Tombstone, Arizona
April 2000


But first, the mystery location on last week's web page was the setting for the TV series High Chaparral


Here's a shot looking down the main street in Tombstone Arizona.  The horse drawn wagons still travel through town but they only carry tourists and most of the parking spaces are taken up by cars.  Tombstone is located 50 miles southeast of Tucson.
The town's boom period came in the 1880's and 1890's during it's silver mining days.  Like most mining towns we've visited, Tombstone is very small. We walked down the sidewalks which are still wooden planked and have retained their original squeaks, smelled the horse manure in the streets and saw the bullet holes in the storefronts and walkway overhangs.  Unlike Old Tucson Studios, this is the real stuff of the wild west.
I think everyone has heard the story of the "shoot-out at the OK Corral".  We watched a reenactment of the shoot-out. The acting wasn't as good as the shows at  Old Tucson, but the buildings here are mostly originals.  The town's first newspaper, The Daily Epitaph, is still in business and resides in it's original storefront location.
After our visit we watch the 1950's movie version of Tombstone, starring Burt Lancaster and Kirk Douglas and then the 1990's version, starring Kurt Russell and Val Kilmer.  The older version had little to do with real events; the new one was more historically correct.  Both movies were shot in Old Tucson.  (You can always tell an "Old Tucson movie" by the mountain in the background or the presence of saguaro cactus.  (There are no saguaros at Tombstone or in Texas -- By the way, saguaro is pronounced se-wh-are-o (short e, long o).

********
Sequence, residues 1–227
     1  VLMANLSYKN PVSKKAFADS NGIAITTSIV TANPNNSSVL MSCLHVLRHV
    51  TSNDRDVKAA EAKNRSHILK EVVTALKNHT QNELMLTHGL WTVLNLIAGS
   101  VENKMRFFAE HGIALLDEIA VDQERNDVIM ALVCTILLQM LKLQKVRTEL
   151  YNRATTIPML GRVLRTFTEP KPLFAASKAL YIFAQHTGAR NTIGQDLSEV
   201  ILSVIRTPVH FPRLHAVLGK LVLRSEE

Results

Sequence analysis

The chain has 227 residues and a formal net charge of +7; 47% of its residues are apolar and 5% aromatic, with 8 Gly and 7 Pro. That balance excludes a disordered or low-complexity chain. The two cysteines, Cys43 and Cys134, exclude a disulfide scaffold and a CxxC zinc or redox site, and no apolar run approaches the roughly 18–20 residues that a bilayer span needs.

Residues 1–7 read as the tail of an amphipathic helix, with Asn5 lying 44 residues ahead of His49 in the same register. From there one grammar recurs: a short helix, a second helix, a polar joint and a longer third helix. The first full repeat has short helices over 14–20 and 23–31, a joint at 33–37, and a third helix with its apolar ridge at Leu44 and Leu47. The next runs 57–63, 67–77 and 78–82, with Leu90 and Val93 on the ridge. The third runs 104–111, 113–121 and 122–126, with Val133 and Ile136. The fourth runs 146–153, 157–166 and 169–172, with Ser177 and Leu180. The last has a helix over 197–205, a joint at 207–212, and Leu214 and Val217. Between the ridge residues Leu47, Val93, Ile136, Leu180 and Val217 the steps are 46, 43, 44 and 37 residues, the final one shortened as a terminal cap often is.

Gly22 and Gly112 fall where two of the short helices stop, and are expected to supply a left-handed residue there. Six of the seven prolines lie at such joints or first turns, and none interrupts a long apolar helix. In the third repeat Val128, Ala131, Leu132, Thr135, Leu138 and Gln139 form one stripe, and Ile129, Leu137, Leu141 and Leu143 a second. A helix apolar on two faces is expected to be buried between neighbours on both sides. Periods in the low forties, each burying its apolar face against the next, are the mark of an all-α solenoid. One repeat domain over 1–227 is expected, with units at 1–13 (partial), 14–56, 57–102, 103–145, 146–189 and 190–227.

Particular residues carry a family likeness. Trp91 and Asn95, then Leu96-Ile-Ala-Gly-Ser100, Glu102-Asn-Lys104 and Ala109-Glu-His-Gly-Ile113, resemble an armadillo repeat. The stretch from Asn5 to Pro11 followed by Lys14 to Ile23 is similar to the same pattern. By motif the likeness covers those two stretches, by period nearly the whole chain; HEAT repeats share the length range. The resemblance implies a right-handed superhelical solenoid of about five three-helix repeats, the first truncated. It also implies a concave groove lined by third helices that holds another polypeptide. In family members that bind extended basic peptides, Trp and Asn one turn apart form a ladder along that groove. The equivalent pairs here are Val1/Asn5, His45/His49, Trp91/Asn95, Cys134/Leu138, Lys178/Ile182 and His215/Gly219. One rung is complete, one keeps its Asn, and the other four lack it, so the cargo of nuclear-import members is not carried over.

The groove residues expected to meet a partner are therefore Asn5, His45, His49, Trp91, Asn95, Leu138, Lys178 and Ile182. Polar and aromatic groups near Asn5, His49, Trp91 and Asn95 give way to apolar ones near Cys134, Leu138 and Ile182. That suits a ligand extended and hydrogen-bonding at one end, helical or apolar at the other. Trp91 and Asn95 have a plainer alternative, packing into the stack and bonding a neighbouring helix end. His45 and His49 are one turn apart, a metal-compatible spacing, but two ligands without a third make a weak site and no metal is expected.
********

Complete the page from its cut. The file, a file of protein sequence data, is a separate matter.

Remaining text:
"Big-Nose Kate's".   This is the famous saloon that was owned by Kate, Doc Holiday's longtime girlfriend.  I was fascinated to sit here and think about what it would have been like in here just 100 years ago.  The "Welcome Vets" sign on the right was welcoming the veterans to the traveling Vietnam Memorial Wall that was in town this week.
 

 
Here's Tombstone's courthouse.  This very handsome building was built in the late 1800's.  The boys earned another patch for their Junior Ranger shirts as we explored the displays in this museum.

In addition to a very impressive classic style courtroom, there were jail cells on the bottom floor.  We learned that the hard-to-deal-with prisoners were sent to the Yuma Territorial Prison. (Sure seems like we hang out at some undesirable places).

The hardened killers and criminals,  well . . . . .
(yes, these original gallows are in the "backyard" of the courthouse).


Saguaro National Park (the Eastern half)

Another opportunity for Mitch and Max to earn a Junior Ranger patch.  We picked up a worksheet at the visitor center and set out to discover the answers to it's questions and experience the features of this national park. 

Here, Mitch is using a 45 degree fold on his paper to estimate the height of this cactus.   A two foot saguaro would be about twenty years old.  Some live to be two hundred years old.

Max has picked a different cactus and is recording data about the features of his cactus and the surrounding environment.
Each National Park designs their own Junior Ranger worksheet.  Some are extensive and take a couple of days to complete and others are a double sided page and take only an hour or two.  When parents work with their kids on these programs, everybody learns a lot about the history and natural science of the area -- except we all got tired of "Pinion Pines".  (By the time we left the Southwest, we knew everything you could know about them. EVERY park had a learning exercise on Pinion Pines).
Here at the visitor center, the ranger does an extensive review.  He quizzed the kids to see if they learned or just hurried though the worksheet. 

Although this is the main part of the Saguaro National Monument, (which is on the east side of Tucson), the west half has many more saguaros.


 Mission San Xavier del Bac
the White Dove of the Desert
In 1797 Spanish Franciscan friars competed this beautiful mission. Our National Geographic travel guide describes it as "the paramount expression of Spanish mission architecture in the United States".  We'd have to agree.
This mission is extremely well preserved.  The interior is outstanding.

It is still used for daily mass and serves the Tohono O'odham Indians.

In comparison is the Mission San Jose' de Tumacacori, about 40 miles south.  This mission was completed in 1691 but was abandoned in the mid-1800's due to raids by the Apache Indians.

This mission is a National Monument and has been partially restored.  It houses a museum of artifacts.


 
 
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